Rock of ages . . . QE students get hands on lunar samples

First published in Mid Devon News

MOON rocks and meteorites landed at Queen Elizabeth’s Lower School, Crediton, last week as part of students’ interactive astronomy lessons.

The lunar samples, provided by the UK’s Science and Technology Facilities Council, enabled students to touch a 1.2billion-year-old piece of Mars and a 4.3billion-year-old nickel meteorite.

The samples were collected in the late 1960s and early 1970s during some of NASA’s first manned space missions to the moon.

A massive 382kg of lunar material was brought back to Earth, mostly for use by scientists in their studies of the moon, but small quantities are used to develop lunar and planetary sciences educational packages such as the one at Queen Elizabeth’s.

STFC chief executive Professor John Womersley said: “This is a great opportunity for young people to be able to see, touch and really experience such important and exciting messengers from space, turning science fiction into science fact.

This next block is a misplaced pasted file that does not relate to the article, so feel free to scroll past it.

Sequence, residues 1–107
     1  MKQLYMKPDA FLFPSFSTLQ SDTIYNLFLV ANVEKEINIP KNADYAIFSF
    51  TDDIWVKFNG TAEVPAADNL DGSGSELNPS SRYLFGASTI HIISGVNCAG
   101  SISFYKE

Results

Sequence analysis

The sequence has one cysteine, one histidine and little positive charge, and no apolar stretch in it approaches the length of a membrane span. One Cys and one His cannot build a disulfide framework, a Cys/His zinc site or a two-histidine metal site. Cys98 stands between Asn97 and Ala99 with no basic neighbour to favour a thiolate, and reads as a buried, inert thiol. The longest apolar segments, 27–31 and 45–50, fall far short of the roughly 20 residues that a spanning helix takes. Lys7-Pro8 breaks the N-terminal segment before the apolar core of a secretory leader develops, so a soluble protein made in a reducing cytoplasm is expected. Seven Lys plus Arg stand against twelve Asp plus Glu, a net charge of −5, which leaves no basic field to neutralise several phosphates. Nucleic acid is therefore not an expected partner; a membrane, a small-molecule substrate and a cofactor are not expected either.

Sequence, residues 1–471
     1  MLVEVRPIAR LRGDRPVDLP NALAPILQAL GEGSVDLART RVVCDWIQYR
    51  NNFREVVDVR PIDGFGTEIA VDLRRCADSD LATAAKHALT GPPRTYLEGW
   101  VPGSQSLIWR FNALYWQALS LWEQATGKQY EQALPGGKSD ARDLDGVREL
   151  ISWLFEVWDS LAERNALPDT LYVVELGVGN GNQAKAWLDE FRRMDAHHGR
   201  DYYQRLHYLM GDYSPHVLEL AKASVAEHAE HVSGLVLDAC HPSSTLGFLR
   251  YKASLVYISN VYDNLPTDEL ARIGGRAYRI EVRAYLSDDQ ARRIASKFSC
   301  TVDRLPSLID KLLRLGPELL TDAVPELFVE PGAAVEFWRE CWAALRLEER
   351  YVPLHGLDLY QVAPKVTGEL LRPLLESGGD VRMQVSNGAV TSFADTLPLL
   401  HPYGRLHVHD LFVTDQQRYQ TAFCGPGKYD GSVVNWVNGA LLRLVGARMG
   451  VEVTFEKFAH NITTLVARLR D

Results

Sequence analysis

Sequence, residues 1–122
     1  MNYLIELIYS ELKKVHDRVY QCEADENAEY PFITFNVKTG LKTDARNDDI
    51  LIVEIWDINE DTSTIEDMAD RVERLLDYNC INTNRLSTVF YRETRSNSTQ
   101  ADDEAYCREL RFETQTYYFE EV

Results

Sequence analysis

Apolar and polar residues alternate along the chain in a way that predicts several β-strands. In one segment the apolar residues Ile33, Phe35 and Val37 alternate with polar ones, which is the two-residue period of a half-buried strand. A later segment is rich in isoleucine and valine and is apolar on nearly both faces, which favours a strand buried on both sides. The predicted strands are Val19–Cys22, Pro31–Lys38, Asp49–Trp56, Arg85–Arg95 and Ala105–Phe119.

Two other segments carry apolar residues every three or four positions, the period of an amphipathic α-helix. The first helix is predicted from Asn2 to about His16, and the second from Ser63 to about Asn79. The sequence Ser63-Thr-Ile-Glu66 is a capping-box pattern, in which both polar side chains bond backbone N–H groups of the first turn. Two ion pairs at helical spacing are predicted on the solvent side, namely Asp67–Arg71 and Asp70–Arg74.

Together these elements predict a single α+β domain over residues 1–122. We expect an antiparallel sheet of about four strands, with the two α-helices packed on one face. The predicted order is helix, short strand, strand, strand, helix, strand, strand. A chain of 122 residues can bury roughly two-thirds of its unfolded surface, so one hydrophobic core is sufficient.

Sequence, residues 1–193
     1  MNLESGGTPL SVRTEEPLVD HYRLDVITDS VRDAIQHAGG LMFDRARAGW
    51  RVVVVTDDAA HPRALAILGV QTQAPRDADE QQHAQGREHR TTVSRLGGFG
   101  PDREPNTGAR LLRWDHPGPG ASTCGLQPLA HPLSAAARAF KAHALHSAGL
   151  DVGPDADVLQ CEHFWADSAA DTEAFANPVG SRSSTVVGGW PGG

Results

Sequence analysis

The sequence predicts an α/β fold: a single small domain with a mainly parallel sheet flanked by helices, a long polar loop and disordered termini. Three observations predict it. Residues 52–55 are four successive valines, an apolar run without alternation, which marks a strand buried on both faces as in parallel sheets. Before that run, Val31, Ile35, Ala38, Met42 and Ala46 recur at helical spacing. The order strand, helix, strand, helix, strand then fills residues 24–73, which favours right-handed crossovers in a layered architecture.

“It’s an unforgettable experience to be able to hold such an important part of science history which has made such an incredible journey over millions of miles to reach us, and one we hope will inspire the scientists of the future.”

Science teacher Nick Baker said: “These lessons could be ones they remember for the rest of their lives and can lead our students on to taking astronomy at GCSE.

“Space science is a growth industry in the UK, so a future career involving space travel is not too far-fetched for these students.”

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